There are few areas of employment law which are so pervasive or so wide-ranging as discrimination. Unlike a lot of rights, discrimination applies to a huge range of people, and will apply to people who you haven’t even met, and jobs you don’t even have.
It’s often misunderstood, and frequently misreported, so the information about discrimination can be confusing and unclear. Here at Bridge, we aim to cut through the confusion, and make sure that, whether you are a company or an individual, you can get a clear picture of how this law affects you.
Discrimination is the “from seed to plate” law – because it starts before any relationship begins and survives its end. If one of the 8 protected characteristics (see below) apply, then the protection of the Equality Act 2010 is considerable, wide-ranging and often takes people by surprise.
- Recruitment – if you are placing an advert, or considering applying for one, discrimination law applies to you. Adverts must not discriminate, and if you, as an applicant, feel that you were unable to apply for a role, or treated less favourably than others when applying, then you may have a discrimination claim.
- Interviews – all job applicants are protected by discrimination legislation, whether they are appointed or not.
- During the contract – everyone who works for someone else, on whatever basis, is protected from discrimination
- Workers, contractors, agency workers – it doesn’t matter what the relationship is, unlike some protection, discrimination applies to everyone
- Workplace rules and regulations – however equally these are applied, it’s still possible for a rule or practice at work to be discriminatory to a section of workers.
- Termination – the way that the working relationship ends, however long it has lasted, can result in a claim for discrimination
- References – even after the relationship has ended, it’s still possible for a discrimination claim to arise from the way references are given, or not given.
Whether you are a company or an individual, you need to understand how discrimination law applies and whether you can rely on it, or whether you need to apply it to others.
As an employee, you will be aware that there is a significant power imbalance between you and your employer. The law attempts to redress this balance in some situations, and discrimination is a significant protection for vulnerable employees against less favourable treatment.
It is limited – the Equality Act 2010 sets out the protection, and it only covers specific “protected characteristics” namely:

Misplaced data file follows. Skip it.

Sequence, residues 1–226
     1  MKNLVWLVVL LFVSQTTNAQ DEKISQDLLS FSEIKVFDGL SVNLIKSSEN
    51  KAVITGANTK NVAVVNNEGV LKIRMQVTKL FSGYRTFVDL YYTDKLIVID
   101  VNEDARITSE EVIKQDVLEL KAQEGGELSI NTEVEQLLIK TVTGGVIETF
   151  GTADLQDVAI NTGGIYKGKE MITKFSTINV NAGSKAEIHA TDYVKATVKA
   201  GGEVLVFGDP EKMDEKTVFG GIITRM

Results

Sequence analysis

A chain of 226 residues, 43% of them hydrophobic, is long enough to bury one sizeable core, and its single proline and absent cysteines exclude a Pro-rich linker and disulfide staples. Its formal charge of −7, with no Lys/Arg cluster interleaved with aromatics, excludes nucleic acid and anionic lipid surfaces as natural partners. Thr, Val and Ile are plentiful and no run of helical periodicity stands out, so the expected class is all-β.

- Gender reassignment
- Marriage and civil partnership
- Religion or belief
- Sexual orientation
If you believe you may be covered by one of the above characteristics, then your employer cannot treat you less favourably as a result of it, and, in the case of a disability, may need to make reasonable adjustments to your working area or conditions to ensure that you are not put at a disadvantage.
Things to be aware of:
- You don’t need to leave to pursue your discrimination rights;
- Discrimination protection starts from day 1 (and indeed before if you feel you were treated less favourably at the application stage);
- Discrimination applies to contractors, agency workers, as well as employees, so if your relationship with the company isn’t the standard employer/employee, you may still have a claim;
- Discrimination doesn’t have to be intentional;
- Discrimination doesn’t have to be aimed directly at you – if something that happens at work has the effect of putting you at a disadvantage because of one of the protected characteristics, you may still have a claim. For example, if your employer refuses to allow homeworking, and this impacts on you as you have childcare responsibilities and you are female, you may potentially have a claim of indirect sex discrimination;
- If you are pregnant, you don’t need to compare your treatment with other people – any less favourable treatment on the grounds of pregnancy is covered;
- If you are treated less favourably because of your association with someone who has a protected characteristic (for example, if you are treated less favourably because you are friendly with someone who is gay, then this can still be protected even if you personally are not);
- There is a specific offence of harassment – if you are subjected to unwanted conduct which has the effect of violating your dignity or creating an intimidating, hostile, degrading, humiliating or offensive environment for you then this can be a claim under the act;
- Finally, you are protected from being subjected to less favourable treatment as a result of bringing a complaint or claim under the Act – so if you raised a grievance involving discrimination, your employer could not then label you a “troublemaker” and avoid promoting you, whether or not your claim was successful;
It is a complex area of law, and, as with all employment legislation, the timescales for bringing claims are short – usually 3 months from whenever the act in question took place. It’s really important to get advice early on. Our aim is to help you resolve your difficulties in a way that you are happy with. If preserving your on-going relationship with work is your top priority, then we will make this the aim of any action we advise. If you are seeking to leave your employment, then we will aim to help you do so in a way that preserves any claims you may have against them, and ideally brings them to a satisfactory resolution with the least possible difficulty and outlay.
Although discrimination claims can be costly, we are always willing to look at different funding methods with you, and to tailor our assistance to your budget.